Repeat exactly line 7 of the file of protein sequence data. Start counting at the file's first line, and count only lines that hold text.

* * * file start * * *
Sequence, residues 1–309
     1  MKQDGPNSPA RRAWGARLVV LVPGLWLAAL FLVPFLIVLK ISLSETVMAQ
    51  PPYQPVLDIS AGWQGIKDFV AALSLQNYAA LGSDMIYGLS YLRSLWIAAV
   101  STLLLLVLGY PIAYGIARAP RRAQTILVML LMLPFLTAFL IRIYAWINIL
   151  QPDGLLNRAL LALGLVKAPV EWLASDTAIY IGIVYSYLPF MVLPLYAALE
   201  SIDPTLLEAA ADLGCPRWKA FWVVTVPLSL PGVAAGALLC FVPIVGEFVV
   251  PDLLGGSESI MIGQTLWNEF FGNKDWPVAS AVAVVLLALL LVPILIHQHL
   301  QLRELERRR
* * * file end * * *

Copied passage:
   251  PDLLGGSESI MIGQTLWNEF FGNKDWPVAS AVAVVLLALL LVPILIHQHL